1901 census for Wilfred North - living at the home of his grandparents in Cheslyn Hay. (National Archives)

1901 census for Wilfred North – living at the home of his grandparents in Cheslyn Hay.
(National Archives)

By 1911, Edwin, Ann, Henry and Wilfred were in Bentons Lane, Landywood. Edwin has finally become a pensioner (old age pensions now being paid to those 70 and over, which Edwin was, at up to 5s per week). The man later described as ‘Uncle Henry’ has become a railway wagon repairer, although this appears to be in a coal mine. Wilfred is also described as a colliery worker, above ground. The final member of the household is Edwin Allan North; later described as ‘cousin Allan’, this Great Wyrley born boy was also a grandchild of Edwin and also seemingly raised by them.

1911 census for Wilfred North, now at Bentons Lane, Landywood. (National Archives)

1911 census for Wilfred North, now at Bentons Lane, Landywood.
(National Archives)

And so the move towards war. The next few years seem to be a mixed bag for Wilfred. We know that he met and married Ethel Fryer towards the end of 1913. I would need the marriage certificate to be certain, but I suspect that she was the daughter of a brass caster from Willenhall and a few years Wilfred’s junior. The couple settled down in Great Wyrley, as by 1917 they were living on the Walsall Road. Their first child, Esther, came along in 1914. We know that prior to his joining the colours Wilfred was working at the Harrison’s pit, but he doesn’t appear to have been a member of the club. 1915, his last year as a non-combatant, would see his grandfather pass away.

1916 would have opened with some optimism, as Ethel was carrying their second child; indeed, Francis was born in the first few months of the year. Saying that, the threat of conscription had become a reality and in the February, either by hook or crook, Wilfred attested into the army at Cannock. He would have gone into a training battalion and while he was there, Ann, his grandmother, passed away.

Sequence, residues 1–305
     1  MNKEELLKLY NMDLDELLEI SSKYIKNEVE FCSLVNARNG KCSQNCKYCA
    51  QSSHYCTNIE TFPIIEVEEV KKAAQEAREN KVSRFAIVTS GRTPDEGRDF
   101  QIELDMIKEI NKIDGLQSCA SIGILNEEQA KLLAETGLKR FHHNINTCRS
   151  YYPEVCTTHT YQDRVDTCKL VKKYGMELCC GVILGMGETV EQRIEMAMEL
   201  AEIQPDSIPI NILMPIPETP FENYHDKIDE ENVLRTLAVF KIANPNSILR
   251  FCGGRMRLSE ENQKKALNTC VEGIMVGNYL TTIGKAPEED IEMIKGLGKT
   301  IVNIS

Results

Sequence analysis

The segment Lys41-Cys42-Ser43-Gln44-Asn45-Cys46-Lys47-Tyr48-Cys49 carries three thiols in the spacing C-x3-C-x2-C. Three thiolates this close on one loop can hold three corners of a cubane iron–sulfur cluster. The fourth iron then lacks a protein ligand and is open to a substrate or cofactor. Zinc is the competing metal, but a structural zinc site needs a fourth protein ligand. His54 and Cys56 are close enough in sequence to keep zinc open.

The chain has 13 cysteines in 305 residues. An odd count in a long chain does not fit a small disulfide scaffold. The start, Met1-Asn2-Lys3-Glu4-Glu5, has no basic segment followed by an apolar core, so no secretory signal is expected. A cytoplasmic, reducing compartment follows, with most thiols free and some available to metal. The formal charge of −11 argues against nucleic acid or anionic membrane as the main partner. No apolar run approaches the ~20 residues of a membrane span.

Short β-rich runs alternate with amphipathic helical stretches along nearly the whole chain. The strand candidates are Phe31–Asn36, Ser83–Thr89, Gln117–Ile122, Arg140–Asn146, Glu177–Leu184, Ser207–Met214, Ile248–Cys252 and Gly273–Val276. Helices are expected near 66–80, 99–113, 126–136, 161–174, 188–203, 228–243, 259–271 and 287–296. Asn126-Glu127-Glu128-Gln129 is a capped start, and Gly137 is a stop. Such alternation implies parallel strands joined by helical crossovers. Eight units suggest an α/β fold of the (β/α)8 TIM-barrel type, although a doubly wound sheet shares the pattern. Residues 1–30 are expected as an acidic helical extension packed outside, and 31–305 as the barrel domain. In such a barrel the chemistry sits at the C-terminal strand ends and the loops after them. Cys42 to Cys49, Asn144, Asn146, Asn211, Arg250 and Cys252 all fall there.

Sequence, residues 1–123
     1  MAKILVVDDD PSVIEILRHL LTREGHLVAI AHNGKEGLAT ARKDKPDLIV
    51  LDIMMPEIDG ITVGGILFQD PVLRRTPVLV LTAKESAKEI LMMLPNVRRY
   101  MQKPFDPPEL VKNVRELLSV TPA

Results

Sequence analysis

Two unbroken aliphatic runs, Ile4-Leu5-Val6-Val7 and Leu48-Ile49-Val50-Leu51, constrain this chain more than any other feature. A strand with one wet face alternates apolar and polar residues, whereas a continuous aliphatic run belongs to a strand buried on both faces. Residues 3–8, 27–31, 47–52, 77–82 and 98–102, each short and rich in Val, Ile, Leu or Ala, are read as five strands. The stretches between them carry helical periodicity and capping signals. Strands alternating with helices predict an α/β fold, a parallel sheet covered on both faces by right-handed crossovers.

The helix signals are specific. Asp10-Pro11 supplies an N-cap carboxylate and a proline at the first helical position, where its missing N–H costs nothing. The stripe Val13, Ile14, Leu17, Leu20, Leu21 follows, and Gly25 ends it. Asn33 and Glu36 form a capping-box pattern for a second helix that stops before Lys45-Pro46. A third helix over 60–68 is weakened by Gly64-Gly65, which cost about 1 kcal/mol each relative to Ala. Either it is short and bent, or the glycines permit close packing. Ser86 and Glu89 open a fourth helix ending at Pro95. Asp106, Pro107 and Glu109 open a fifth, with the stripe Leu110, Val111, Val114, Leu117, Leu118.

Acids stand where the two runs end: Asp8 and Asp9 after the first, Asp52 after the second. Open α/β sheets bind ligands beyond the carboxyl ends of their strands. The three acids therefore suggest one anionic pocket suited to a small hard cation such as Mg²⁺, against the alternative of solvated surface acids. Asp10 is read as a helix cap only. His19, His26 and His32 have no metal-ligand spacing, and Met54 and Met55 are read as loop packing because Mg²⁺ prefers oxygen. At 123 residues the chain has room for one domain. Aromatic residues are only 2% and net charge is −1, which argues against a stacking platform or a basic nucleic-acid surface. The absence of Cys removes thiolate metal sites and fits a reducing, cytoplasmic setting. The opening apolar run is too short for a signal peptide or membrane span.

The War
Prior to conscription in early 1916, soldiers were attested into regiments; now with the increase in recruits, soldiers were sent to generic training battalions for basic training and then assigned to fill gaps in serving battalions as they passed out of training. In this way, soldiers from Great Wyrley could find themselves in the Durham Light Infantry for example; not only that, but they could then be transferred on and this is what happened to Wilfred. We know he was in the Worcestershire Regiment, but he found himself at some stage transferred to the 10th Battalion Lincolnshire Regiment. The 10th Battalion were the old ‘Grimsby Pals Battalion’ of 1914, but there were not many ‘pals’ left in 1916.

Wilfred North in uniform (Cannock Library)

Wilfred North in uniform
(Cannock Library)

Sometime around August 1916, Wilfred was sent to war. It is impossible for me to say at this time whether he was in the Worcestershire or Lincolnshire Regiment, so rather than guess, let us just say that in the following months, wherever he was, he saw out the last of the Somme campaign, Christmas, the German withdrawal to the Hindenburg line in March 1917 and American entry into the War on 6 April. We do know that by this stage he was with the Lincolnshire Regiment and stationed, as a part of General Allenby’s Third Army, near Arras.

As a part of the Allied strategy, 1917 would see attacks on all fronts in order to drain the German reserves, bring about a break-through and engage the Germans in open ground. Arras was chosen as the launch-pad for the British assault, with a coordinated French assault (the Nivelle Offensive) taking place about 50 miles to the south. The initial object of the Arras assault, which was on a scale like that of the Somme the year before, was two-fold: The First Army would attack the German-held high ground, infamously known as Vimy Ridge (The Battle of Vimy Ridge), while the Third Army would attack the Arras – Cambrai road, the village of Feuchy and Devil’s Wood amongst other targets  (The Battle of the Scarpe).